There is so much to look at in Hanoi. Maybe it’s the fact that I’ve been suffering from jet lag after having traveled across 8 different time zones, but there is no doubt that I’ve had a certain amount of sensory overload that happened in less then 24 hours after arriving. In a very broad sense, things here seem very familiar yet, of course, so different in many, many ways.
For the next 2 months we now live in the Tay Ho area which is situated on a lake appropriately named, Ho Tay, which is just north of the bustling city center of Hanoi. This neighborhood is less crowed and quieter than the city center. It also appears to be filled with expatriates and foreigners. Most of these foreigners are from all over the world with a high concentration of people from the UK, Australia, and other Asian and European countries. We actually heard a group of people speaking Mexican Spanish yesterday while we had lunch and it made us smile. =)
Our housekeeper set us up for our stay here with an almost-new scooter rental that has plenty of storage under the seat for all our groceries and supplies. We started with exploring our neighborhood – first on foot and then on the scooter. Though it was a challenge at first, it was still quite manageable. Scooters rule the roads here, and driving a car seems absolutely ridiculous and very difficult to maneuver in traffic. Walking can be equally a challenge since the sidewalks stop and start abruptly with over grown grass, rocks, and other not-so-friendly obstacles, leaving you vulnerable to traffic in the roads.
The Tay Ho area is filled with restaurants, bars, coffee houses, specialty shops, and just about anything else you may need. International products can be found in just about every bodega on a street corner. Our first Saturday was spent collecting organic food at a weekly market and organic store very near to our house.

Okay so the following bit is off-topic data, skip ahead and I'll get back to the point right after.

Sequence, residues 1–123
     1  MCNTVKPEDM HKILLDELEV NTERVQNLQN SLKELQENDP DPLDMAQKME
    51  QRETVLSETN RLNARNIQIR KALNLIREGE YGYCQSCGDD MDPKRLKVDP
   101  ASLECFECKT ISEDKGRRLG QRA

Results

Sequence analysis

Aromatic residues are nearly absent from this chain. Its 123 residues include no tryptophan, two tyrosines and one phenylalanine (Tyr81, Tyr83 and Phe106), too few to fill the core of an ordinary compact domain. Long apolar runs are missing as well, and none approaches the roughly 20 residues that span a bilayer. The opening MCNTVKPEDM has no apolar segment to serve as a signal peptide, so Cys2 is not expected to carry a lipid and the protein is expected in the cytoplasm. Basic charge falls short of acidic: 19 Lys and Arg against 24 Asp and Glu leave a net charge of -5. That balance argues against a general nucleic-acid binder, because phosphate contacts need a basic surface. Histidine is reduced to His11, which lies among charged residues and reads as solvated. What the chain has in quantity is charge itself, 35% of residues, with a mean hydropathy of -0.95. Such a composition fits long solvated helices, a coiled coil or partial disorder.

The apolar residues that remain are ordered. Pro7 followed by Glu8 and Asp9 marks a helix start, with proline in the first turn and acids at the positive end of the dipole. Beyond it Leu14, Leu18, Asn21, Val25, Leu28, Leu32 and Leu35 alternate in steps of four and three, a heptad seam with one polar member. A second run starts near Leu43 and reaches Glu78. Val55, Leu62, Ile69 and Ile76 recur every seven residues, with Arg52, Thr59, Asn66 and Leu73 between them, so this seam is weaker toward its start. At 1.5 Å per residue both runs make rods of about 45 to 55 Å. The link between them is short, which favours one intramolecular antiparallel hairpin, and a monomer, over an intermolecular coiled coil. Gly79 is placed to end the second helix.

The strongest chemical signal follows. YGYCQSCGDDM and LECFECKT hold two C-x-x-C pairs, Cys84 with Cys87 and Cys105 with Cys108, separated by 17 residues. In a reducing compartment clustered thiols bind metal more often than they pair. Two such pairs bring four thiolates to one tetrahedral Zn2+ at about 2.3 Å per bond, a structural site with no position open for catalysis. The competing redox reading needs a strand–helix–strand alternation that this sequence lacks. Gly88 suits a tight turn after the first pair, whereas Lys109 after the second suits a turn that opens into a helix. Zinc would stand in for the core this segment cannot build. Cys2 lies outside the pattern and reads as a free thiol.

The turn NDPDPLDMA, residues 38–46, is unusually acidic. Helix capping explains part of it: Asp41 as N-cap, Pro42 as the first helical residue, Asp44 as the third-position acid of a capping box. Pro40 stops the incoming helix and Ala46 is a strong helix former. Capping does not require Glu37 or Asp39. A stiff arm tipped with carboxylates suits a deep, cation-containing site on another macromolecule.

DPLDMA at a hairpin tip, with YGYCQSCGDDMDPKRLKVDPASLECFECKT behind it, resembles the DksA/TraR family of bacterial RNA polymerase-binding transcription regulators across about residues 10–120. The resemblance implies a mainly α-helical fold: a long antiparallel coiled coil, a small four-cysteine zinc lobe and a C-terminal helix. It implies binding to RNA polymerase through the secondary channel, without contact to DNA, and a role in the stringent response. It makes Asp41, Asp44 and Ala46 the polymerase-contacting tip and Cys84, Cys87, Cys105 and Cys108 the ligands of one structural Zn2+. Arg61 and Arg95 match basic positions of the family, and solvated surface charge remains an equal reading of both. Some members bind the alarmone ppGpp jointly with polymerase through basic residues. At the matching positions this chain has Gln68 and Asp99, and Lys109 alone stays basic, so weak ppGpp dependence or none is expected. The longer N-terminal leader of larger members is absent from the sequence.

CROSSING THE STREETS IN HANOI
There’s a strange – but understood rule here with crossing a street in Vietnam. When it appears to be no way to cross, somehow, people find a way. Nobody will stop for you, yet everyone will let you cross. It’s almost an energetic game of “Frogger”. There are people texting on their scooters who never look up, yet they avoid hitting and being hit by others. It’s when you don’t “let go” of your notions of what you think it should be, and allow the system to just work, is when there could be trouble. And in most cases, you probably won’t die. =)
PHO FOR EVERYONE
We rode our scooter to the best Pho (pronounced fah) we’ve had so far, and I hope we can find it again. It was a perfect combo of broth, veggies, and spicy/sour flavors. I do, however, find it difficult to understand that when it’s 32° celsius (89° fahrenheit – but feels like 106°) with a humidity level of 90%, that anyone in their right mind would want to sit outside in the sun and eat hot soup. But everyone here does it and loves it. Surprisingly, it was kind of cooling in the end.
MY NEW HABIT
Then it happened. We found our second favorite thing in Vietnam. Yogurt coffee (ca phe sua chua).
OMG. This is stuff dreams are made of. The combination of lightly sweetened yogurt and rich chocolate-y coffee – with the light bitterness of the coffee bouncing off the creamy sweetness of the yogurt – is just heavenly. I am now planning on setting aside 15,000 dong ($.70US) each day for one of these lovely drinks. Normally I only drink coffee in the morning, but when in Vietnam, coffee drinking is an integral part of the entire day and I will be happy to make it an afternoon delight also. I’m sure I will talk more about this in later posts. Thank you Vietnam Gods.
To be continued….